172 e-Letters

  • Trends in the drowning mortality rate in Iran

    The article "Trends in the drowning mortality rate in Iran" by Pegah Derakhshan et al. in Injury Prevention · August 2020 DOI: 10.1136/injuryprev-2019-043225 is a valuable contribution to understanding the trend of drowning in Iran. However, It is true that the authors of the article used statistical methods to estimate the levels and trends of drowning mortality rate based on Death Registry System (DRS) data, which is known to be incomplete and subject to misclassification. In Iran, data sources for attributing fatal and non-fatal drowning are include DRS, FMS and INDR. However, it is important to note that drowning incidents and fatalities are universally underreported in the Iran.
    The Death Registry System (DRS) is a new system, managed by Iran’s Ministry of Health, is currently being expanded to the whole of Iran. Records for this registry system are also generated using death certificate information. If not available – by verbal autopsy. DRS that information is collected from records generated by many other sources: rural health house, health and treatment centres (rural, urban), hospitals, register offices (1). Previous study resulted that DRS registry reported 60% of all rural cases, while the records reported a slight majority of urban cases (about 51%) (2).
    Iran's Forensic Medicine Organization manages the Forensic Medical System (FMS), which is used to identify many injury-related deaths in the country. The FMS records are based on inf...

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  • Author Response to Missed Literature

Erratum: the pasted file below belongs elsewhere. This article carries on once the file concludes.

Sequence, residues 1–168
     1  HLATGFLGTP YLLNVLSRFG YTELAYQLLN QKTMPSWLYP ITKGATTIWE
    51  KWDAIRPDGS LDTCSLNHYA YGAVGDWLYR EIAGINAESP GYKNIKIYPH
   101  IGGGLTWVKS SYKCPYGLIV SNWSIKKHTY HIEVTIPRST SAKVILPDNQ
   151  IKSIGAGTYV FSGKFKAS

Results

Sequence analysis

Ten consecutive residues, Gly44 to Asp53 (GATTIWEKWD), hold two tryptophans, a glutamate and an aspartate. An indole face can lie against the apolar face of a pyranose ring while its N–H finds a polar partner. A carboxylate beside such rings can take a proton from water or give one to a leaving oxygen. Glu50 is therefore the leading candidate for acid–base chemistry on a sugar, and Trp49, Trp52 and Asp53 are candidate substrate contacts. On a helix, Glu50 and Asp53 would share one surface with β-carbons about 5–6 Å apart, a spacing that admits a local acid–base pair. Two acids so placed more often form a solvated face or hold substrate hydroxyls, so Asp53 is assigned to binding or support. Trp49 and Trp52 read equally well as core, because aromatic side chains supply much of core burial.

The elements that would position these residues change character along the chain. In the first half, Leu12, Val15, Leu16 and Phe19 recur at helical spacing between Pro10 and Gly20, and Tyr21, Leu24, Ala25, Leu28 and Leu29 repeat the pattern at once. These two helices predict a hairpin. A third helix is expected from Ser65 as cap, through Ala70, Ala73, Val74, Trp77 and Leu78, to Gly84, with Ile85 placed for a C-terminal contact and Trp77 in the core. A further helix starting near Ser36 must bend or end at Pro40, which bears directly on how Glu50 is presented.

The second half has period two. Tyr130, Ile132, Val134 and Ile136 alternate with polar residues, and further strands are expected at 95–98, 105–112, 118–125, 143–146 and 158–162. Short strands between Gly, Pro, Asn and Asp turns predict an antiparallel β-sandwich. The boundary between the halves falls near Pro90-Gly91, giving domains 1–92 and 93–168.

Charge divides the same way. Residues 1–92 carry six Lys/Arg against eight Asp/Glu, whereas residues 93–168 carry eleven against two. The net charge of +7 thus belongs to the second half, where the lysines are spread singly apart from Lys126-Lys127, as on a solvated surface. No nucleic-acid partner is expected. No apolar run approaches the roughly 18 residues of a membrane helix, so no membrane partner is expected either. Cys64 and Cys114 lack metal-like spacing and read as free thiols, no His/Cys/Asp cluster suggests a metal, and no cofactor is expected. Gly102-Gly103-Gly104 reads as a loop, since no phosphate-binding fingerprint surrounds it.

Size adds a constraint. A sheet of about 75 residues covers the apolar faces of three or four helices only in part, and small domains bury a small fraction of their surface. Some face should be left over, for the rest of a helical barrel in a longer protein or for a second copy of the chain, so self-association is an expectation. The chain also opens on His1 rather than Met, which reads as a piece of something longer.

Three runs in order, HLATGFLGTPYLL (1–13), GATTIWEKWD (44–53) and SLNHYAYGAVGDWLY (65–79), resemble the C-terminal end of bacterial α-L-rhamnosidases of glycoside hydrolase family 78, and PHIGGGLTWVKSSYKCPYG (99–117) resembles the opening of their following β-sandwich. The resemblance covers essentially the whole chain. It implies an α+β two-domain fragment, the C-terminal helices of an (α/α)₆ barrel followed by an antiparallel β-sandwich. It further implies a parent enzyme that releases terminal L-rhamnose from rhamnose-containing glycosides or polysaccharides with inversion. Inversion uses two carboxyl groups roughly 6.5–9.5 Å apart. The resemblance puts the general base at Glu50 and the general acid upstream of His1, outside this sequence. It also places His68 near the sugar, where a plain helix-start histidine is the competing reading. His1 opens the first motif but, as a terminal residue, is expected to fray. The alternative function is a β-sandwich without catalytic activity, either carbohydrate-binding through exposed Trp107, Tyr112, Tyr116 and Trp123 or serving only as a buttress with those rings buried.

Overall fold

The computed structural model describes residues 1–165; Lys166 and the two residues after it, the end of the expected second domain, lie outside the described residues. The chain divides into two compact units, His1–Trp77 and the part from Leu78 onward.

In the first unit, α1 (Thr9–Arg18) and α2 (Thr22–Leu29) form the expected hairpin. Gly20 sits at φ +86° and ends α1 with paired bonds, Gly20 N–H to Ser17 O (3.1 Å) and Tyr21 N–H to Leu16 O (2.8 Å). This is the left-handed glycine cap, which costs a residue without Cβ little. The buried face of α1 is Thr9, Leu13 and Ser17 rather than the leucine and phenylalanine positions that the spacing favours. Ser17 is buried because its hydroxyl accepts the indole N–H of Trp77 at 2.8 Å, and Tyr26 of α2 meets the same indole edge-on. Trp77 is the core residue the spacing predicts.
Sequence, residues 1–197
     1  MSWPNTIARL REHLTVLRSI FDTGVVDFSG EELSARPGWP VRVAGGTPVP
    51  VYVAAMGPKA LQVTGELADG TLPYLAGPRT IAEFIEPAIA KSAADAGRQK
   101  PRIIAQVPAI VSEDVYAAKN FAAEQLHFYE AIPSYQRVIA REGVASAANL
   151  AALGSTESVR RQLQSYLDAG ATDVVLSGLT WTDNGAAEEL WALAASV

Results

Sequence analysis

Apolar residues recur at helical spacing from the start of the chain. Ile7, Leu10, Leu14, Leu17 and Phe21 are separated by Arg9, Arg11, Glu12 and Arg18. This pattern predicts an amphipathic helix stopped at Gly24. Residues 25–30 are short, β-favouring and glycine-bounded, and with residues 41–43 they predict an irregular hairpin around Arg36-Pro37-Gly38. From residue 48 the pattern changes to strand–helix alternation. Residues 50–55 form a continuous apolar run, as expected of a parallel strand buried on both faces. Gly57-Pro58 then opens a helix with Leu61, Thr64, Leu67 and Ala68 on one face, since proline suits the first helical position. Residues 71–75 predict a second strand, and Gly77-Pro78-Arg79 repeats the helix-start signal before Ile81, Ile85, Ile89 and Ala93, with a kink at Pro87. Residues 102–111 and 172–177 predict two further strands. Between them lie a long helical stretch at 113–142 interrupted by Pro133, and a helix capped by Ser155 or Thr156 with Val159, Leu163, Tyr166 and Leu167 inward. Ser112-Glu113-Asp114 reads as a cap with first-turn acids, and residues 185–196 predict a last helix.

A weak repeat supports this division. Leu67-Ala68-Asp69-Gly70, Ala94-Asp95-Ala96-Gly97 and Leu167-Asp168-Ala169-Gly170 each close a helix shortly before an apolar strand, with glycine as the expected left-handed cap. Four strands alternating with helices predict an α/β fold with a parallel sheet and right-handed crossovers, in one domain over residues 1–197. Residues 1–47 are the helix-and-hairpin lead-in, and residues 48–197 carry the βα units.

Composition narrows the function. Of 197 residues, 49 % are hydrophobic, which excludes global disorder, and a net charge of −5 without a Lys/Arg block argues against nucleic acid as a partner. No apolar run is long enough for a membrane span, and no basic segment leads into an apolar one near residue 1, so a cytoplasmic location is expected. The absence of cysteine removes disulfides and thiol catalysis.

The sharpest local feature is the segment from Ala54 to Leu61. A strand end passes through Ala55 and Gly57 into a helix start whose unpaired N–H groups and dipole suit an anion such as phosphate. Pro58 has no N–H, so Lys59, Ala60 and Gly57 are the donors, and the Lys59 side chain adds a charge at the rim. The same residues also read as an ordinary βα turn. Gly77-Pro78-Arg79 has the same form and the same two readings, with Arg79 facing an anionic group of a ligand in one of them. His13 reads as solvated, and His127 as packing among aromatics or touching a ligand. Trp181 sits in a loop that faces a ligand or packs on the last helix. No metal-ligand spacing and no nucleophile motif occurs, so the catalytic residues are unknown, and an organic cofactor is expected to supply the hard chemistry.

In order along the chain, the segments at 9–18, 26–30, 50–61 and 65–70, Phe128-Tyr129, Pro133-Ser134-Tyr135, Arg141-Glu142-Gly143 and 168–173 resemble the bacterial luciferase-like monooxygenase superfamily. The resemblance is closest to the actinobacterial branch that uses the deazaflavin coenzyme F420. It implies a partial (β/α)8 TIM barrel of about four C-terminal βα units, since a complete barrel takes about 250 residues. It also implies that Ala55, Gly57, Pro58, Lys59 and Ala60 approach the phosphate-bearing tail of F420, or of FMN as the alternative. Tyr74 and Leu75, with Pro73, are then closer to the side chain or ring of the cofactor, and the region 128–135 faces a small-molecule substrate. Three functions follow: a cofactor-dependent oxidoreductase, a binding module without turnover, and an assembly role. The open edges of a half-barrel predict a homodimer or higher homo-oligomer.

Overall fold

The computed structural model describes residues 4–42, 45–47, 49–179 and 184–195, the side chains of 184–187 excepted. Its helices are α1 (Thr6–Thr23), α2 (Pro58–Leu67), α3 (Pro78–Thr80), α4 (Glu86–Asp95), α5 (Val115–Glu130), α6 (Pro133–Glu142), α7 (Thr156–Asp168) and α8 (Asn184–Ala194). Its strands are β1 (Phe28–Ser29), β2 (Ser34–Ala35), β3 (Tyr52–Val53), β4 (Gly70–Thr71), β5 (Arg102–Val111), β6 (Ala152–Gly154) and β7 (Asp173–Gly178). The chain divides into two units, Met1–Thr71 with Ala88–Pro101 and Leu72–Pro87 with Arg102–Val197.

Thank you for reading the study. We appreciate your feedback and the suggestion of papers to include.

    The Miller et al. 2021 paper was not yet indexed in EconLit at the time of the systematic review pull; therefore, was not included. However, even if we had identified the study it would not have been included in the final list of manuscripts as it does not include original analysis but rather combines previous estimates with new counts.

    The Yang et al. 2014 paper was excluded during review as it included non-original analysis. This paper used several estimates from previously published literature and applied to Iowa counts.

    Based on this response, we are issuing an erratum that clarifies that our manuscript only included research with original costs as inputs or outputs.

    You are correct that we omitted several non-peer reviewed studies. In the study we state, “This review was limited to peer-reviewed publications and excluded books, non-peer reviewed publications, white papers and dissertations.”

  • Missed Literature

    This review has not considered several relevant previously published items. These include:

     TR Miller, MA Cohen, D Swedler, B Ali, D Hendrie. Incidence and Costs of Personal and Property
    Crimes in the United States, 2017, Journal of Benefit-Cost Analysis, 12:1, 24-54, 2021.

     JZ Yang, TR Miller, N Zhang, B LeHew, C Peek-Asa. Incidence and Cost of Sexual Violence in Iowa,